New York - City Foreclosures Drop 38% in May
New York - In another sign that the residential real estate market across the city is mending, the number of new foreclosures dropped steeply last month, according to latest data released by PropertyShark.com. But the good news may yet prove short-lived.
New foreclosures across New York City dropped 38% last month from the same time a year ago and dipped 30% from the previous month. Surprisingly, Queens, which has been littered with foreclosures throughout the economic downturn, experienced a marked improvement, with the number of foreclosures there plummeting 63% from year earlier levels. Meanwhile, the number of foreclosures on Staten Island, which had also been hard hit by the recession, remained unchanged.
In contrast, the situation in the Bronx deteriorated sharply last month. There, the number of foreclosures more than doubled from last year.
“Three months ago people were thinking that we were going back into a bull market, so now we see less foreclosure,” said Bill Staniford, PropertyShark's chief executive, noting that foreclosures lag behind changes in the overall economy. “But my crystal ball tells me we are not out of the woods yet. We still have plenty of pain to get through.”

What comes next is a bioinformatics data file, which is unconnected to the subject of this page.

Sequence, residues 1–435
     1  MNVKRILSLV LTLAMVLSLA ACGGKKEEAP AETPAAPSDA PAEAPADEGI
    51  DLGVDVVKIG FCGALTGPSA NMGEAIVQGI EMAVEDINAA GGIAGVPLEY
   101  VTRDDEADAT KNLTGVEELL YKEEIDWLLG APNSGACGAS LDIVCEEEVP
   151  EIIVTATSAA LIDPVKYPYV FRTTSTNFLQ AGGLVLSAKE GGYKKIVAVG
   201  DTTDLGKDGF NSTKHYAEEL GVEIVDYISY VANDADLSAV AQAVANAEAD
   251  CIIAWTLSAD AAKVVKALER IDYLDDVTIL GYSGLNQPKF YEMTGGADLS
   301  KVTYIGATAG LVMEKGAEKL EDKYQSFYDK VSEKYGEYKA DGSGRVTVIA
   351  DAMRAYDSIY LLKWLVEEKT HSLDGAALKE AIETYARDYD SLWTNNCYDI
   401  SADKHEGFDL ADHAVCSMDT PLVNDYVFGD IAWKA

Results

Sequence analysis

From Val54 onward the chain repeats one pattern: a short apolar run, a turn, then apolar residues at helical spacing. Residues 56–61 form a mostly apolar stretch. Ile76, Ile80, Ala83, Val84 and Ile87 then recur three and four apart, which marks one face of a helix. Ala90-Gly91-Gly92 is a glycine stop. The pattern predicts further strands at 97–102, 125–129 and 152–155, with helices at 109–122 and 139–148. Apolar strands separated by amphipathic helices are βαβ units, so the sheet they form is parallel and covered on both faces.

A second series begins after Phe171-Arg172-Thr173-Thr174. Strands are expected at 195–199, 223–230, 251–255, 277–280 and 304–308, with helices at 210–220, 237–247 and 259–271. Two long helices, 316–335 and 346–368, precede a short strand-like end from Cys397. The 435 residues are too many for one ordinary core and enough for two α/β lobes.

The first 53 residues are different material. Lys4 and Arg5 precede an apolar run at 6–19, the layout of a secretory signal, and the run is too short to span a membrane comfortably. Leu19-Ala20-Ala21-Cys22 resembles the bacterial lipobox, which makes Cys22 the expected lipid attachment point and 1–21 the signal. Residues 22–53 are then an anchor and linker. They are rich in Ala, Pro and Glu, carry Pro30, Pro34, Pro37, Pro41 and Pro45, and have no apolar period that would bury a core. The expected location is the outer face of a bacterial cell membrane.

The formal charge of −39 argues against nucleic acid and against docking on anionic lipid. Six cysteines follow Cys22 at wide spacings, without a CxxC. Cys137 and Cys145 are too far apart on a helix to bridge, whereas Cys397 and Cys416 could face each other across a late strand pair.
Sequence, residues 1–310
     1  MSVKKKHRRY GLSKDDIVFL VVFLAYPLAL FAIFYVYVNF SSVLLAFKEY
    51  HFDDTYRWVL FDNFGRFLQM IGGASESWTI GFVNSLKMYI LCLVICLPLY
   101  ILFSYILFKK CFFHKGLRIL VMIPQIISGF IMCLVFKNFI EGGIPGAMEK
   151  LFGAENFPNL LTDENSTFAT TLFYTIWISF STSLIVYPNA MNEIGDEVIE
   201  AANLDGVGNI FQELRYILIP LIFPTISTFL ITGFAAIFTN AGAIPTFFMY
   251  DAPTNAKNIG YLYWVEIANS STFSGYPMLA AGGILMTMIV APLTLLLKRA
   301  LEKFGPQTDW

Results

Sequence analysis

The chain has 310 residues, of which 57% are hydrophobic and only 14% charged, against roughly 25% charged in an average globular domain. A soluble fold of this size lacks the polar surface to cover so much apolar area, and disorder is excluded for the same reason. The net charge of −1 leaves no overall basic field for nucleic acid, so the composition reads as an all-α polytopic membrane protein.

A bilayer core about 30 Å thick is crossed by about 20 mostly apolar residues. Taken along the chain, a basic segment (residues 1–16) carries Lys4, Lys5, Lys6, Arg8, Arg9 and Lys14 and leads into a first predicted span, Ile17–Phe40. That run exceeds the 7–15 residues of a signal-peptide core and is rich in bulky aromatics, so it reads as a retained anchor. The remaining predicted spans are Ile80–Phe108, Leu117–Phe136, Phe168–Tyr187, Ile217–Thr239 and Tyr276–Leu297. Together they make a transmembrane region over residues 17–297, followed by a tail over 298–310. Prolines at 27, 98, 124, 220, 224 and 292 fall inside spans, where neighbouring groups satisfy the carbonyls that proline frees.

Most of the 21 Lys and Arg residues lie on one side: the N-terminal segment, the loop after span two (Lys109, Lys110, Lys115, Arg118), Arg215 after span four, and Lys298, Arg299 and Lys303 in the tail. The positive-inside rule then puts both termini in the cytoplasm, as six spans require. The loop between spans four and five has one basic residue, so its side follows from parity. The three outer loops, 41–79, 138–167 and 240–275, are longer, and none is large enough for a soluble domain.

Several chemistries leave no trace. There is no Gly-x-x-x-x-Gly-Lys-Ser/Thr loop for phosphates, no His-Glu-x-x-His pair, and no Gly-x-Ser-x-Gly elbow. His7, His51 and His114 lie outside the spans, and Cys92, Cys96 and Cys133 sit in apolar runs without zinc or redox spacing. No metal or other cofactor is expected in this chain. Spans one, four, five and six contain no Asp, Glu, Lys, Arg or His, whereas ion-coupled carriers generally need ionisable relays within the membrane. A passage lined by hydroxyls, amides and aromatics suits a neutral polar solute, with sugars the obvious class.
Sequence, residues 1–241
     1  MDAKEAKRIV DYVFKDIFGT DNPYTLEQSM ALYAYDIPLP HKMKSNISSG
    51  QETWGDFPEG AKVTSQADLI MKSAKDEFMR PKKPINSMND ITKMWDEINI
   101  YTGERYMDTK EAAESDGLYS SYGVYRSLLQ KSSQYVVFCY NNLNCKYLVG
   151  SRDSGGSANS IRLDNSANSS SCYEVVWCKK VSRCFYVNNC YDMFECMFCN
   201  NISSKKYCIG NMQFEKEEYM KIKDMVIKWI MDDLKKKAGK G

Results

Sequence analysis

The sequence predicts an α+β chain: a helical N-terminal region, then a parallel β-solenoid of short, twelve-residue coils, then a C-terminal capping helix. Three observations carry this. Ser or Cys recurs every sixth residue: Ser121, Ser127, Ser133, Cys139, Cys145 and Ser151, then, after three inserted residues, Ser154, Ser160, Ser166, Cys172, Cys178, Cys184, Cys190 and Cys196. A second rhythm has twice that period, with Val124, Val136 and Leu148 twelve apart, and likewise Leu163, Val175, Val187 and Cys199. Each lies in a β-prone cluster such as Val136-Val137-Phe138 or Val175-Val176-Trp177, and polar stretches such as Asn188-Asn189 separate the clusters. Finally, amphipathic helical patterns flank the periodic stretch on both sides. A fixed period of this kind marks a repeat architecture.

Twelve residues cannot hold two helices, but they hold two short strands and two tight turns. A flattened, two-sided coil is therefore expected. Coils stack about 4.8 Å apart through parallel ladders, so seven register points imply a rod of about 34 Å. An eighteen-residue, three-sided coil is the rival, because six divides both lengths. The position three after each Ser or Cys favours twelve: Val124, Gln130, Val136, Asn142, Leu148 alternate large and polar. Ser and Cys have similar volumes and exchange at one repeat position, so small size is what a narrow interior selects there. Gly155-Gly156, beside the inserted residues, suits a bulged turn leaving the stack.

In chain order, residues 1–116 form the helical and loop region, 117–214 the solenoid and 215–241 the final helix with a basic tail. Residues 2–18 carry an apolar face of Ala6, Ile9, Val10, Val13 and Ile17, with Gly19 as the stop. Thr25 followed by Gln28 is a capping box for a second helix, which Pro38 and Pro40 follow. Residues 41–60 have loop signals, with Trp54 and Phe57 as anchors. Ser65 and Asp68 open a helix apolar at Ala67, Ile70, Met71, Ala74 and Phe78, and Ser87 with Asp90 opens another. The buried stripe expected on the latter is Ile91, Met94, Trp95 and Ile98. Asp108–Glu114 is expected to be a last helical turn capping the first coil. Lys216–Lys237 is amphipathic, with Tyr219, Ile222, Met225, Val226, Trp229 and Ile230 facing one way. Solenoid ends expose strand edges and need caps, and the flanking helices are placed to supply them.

Mr. Staniford notes that Queens and Staten Island got a break from a long period of rising foreclosures in part because the comparisons are to May 2009, when foreclosures in both boroughs set new records. Despite the borough-wide improvement, the Queens Zip code of 11433, which covers the neighborhood of Jamaica, South Jamaica, Hollis and St. Albans, recorded the highest number of foreclosures last month. It was tied with the Bronx Zip code of 10466—which covers Williamsbridge, Baychester, Woodlawn, Wakefield and Eastchester—for that dubious distinction.
In Manhattan, the number of foreclosures shriveled by 77% last month from a year ago, while in Brooklyn foreclosures rose 28%. According to Mr. Staniford, data in both boroughs tend to be less significant in determining the health of the market because property values in Manhattan and Brooklyn tend to hold up better than in the other boroughs.
“Anecdotally we are experiencing stabilization, however, whether it is sustainable depends on whether the economy and financial sector holds up,” he said, adding that the job market is still tight.